Stock Market Wizards. Interviews with America's Top Stock Traders. Wiley Trading

  • ID: 2329542
  • Book
  • Region: America, United States
  • 416 Pages
  • John Wiley and Sons Ltd
1 of 4
This decade has witnessed the most dynamic bull market in U.S. stock history, a collapse in commodity prices, and dramatic failures in some of the world′s leading hedge funds. How have some traders managed to significantly outperform a stock market that, until recently, moved virtually straight up? This book will feature interviews with those traders who achieved phenomenal success, from an Ohio farmer who enjoyed triple–digit returns to a Turkish émigré who transformed a $16,000 account into $6 million, to professional hedge–fund managers such as Michael Masters of Capital Management.

Today, the action is on the stock market. This book will be a must–have for that sector, as well as for the legions of individuals that eagerly bought Market Wizards.
Note: Product cover images may vary from those shown
2 of 4

Author′s Note to the Paperback Edition 


Prologue: An Inauspicious Beginning 

Stuart Walton: Back from the Abyss 1

Steve Watson: Dialing for Dollars 34

Dana Galante: Against the Current 56

Mark D. Cook: Harvesting S&P Profits 79

Alphonse "Buddy" Fletcher Jr. : Win–Win Investing 114

Ahmet Okumus: From Istanbul to Wall Street Bull 136

Mark Minervini: Stock Around the Clock 160

Steve Lescarbeau: The Ultimate Trading System 184

Michael Masters: Swimming Through the Markets 206

John Bender: Questioning the Obvious 222

David Shaw: The Quantitative Edge 243

Steve Cohen: The Trading Room 266

Ari Kiev, M.D.: The Mind of a Winner 280

Wizard Lessons 293

App Options – Understanding the Basics 319

Index 323

Note: Product cover images may vary from those shown
3 of 4


4 of 4

In 1989, professional futures trader Schwager wrote the electrifying Market Wizards, featuring incisive interviews with some of the world′s most successful traders, discussion of a wide variety of techniques and markets, and a detailed chronicle of various traders′ track records. It quickly became a bestseller. Five years later, Schwager published The New Market Wizards, less detailed and with more generic interviews. Now, six years after, the third installment continues this unfortunate trend. The subjects of Schwager′s new interviews are less than impressive, and his questions have gone soft. To make matters worse, subjects were allowed to amend their words later, resulting in many lifeless, boilerplate responses. Instead of analyzing specific trading decisions, theories or track records, subjects spend most of the interviews talking about their childhoods or disparaging ex–bosses and co–workers. Even this dirt fails to engage the reader, since Schwager has changed the names of the maligned parties. Only the author′s brief, energetic commentaries on the interviews display the insight of Schwager′s earlier work. Inexperienced traders may benefit from some of the platitudes in these interviews, but experienced traders already know to cut their losses. (Jan. 31) Forecast: Bolstered by an author tour (with guest appearances by some of the "wizards") to New York City, Chicago and Boston and a syndicated radio feature, Schwager′s third book may get some initial sales from fans of Market Wizards and those looking for more up–to–date trading information. Poor reviews and word–of–mouth, however, probably will hurt this book′s sales, as they did the previous sequel. Copyright 2000 Cahners Business Information. Publishers Weekly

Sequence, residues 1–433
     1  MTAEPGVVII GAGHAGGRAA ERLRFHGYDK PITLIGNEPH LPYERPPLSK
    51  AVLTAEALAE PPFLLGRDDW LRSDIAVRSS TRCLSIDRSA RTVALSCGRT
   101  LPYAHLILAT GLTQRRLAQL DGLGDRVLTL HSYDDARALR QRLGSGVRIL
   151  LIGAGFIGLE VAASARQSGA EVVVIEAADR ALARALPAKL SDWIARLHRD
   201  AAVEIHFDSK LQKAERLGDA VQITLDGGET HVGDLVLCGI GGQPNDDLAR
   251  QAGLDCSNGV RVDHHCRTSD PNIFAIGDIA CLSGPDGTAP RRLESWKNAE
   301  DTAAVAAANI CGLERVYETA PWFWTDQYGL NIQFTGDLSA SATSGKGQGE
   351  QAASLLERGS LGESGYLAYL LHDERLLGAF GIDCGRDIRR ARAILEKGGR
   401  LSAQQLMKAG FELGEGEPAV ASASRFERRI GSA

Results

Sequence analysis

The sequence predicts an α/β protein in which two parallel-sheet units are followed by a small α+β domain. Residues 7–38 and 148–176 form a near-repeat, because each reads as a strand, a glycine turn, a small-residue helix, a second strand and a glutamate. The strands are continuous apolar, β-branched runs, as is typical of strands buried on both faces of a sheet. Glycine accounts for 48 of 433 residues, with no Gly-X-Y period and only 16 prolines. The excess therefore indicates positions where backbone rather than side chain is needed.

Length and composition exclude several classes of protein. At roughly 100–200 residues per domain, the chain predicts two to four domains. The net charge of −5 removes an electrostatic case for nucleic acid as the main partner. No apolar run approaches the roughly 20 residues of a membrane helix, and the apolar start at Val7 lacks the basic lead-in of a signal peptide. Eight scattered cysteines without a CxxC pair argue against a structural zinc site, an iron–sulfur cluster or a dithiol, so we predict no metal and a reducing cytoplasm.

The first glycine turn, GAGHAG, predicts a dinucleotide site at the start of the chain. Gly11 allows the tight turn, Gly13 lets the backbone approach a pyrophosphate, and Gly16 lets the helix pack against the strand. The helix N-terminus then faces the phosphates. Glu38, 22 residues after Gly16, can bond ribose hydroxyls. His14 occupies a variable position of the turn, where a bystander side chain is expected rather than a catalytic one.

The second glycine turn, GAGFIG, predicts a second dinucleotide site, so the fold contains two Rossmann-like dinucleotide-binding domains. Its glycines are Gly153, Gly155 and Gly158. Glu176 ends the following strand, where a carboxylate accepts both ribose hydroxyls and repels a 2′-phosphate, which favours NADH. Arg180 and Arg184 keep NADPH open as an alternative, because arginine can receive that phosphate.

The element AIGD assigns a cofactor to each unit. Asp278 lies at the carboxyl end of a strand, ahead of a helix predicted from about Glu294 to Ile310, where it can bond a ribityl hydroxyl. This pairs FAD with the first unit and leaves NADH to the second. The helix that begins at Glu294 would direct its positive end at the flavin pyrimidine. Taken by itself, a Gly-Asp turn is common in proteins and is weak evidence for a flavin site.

Schwager (Market Wizards, New Market Wizards) interviews 15 top traders, attempting to cull their secrets in order to explain their winning methodologies. It′s not a terribly original approach, and many of the questions and answers sound remarkably alike. While none of the interviewees is as recognizable as Fidelity′s Peter Lynch, all have produced impressive returns for their investors. Many share characteristics that helped shape their trading philosophies: becoming interested in the stock market through their fathers, experiencing numerous failures in early trading but never giving up, and developing a strong work ethic and self–confidence. Discipline, according to the author, is the one trait that all of his subjects have in common, enabling them to ride out the turbulence of the stock market each day. The book concludes with a list of 65 wizard lessons. One of the more insightful traders described himself and his colleagues as "detectives. We are trying to find out information that is not widely dispersed and then put all the pieces together to get an edge." Reading this book might help readers develop their own edge in investing. Appropriate for larger public libraries.––Richard Drezen, Washington Post News Research, New York City Bureau Copyright 2000 Cahners Business Information. Library Journal

Note: Product cover images may vary from those shown
5 of 4
Note: Product cover images may vary from those shown